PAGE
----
When I think of battle scars, visions of burly viking men wielding huge swords come to mind. I imagine their strength, both physical and mental, enabling them to withstand intense battle and come out alive, even victorious. They wore the scars like badges of honor, evidence of their courage and bravery. OK, it may be that I’ve read too many romance novels featuring vikings, but I believe that women can learn from these brave warriors: Embrace your battle scars with pride.
Many of the women I work with feel as if they are professionally and personally damaged. These women carry the weight of guilt and shame, and the humiliation of being hurt by another, or worse, by themselves. They feel damaged beyond repair, and unable to function “normally,” or take care of themselves. Hearing these sentiments over and over saddens and angers me, because I know societal circumstance, not internal deficits, are the true cause of these feelings. Women are made to feel damaged and broken, instead of brave and resilient, and this creates a sense of helplessness.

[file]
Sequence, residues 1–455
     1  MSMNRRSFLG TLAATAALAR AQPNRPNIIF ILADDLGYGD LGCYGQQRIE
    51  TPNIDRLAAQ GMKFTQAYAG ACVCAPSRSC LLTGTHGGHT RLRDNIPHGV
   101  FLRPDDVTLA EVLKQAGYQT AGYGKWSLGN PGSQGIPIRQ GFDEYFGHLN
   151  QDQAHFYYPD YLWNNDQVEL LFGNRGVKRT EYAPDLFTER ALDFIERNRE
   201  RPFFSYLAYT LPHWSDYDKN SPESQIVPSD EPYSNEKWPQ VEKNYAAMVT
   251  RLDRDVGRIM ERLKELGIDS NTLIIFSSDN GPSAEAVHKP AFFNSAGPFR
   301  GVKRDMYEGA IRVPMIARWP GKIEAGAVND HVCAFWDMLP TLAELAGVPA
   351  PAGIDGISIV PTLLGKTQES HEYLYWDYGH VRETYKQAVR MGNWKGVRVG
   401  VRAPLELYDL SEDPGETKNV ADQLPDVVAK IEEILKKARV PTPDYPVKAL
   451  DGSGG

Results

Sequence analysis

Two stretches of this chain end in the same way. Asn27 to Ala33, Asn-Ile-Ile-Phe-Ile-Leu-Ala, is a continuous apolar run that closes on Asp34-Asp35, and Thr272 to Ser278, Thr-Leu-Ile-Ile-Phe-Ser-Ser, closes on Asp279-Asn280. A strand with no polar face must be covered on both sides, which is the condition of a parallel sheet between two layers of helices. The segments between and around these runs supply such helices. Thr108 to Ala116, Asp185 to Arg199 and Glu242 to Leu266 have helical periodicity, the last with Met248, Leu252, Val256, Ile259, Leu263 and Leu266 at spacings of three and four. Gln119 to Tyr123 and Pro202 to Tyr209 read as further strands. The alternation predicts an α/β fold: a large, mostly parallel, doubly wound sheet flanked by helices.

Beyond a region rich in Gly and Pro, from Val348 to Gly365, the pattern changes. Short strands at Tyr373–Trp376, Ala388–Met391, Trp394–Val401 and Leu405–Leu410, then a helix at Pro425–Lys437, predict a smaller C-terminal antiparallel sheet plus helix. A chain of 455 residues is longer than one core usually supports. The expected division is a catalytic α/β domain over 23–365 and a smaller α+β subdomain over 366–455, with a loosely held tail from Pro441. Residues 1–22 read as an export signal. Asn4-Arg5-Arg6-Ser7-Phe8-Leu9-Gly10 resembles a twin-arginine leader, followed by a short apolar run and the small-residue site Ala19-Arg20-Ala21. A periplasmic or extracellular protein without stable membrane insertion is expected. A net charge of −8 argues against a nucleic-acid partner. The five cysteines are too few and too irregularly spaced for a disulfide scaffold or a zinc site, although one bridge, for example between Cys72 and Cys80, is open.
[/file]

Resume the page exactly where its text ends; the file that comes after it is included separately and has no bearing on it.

Viking men, returning from battle severely beaten and scarred, were not regarded as weak. Instead they were praised as heroes.
The Viking men were regarded as stronger and more capable for the injuries they bore. As women, our scars may not be as literal or physical, but they are as much a part of us as a mark on our skin. They build our character and shape our individuality. To be a survivor is to be strong, and to endure is to gain knowledge and insight. We need to start thinking of past hurts as badges of honor, not scarlet letters. We are brave and we have the scars to prove it.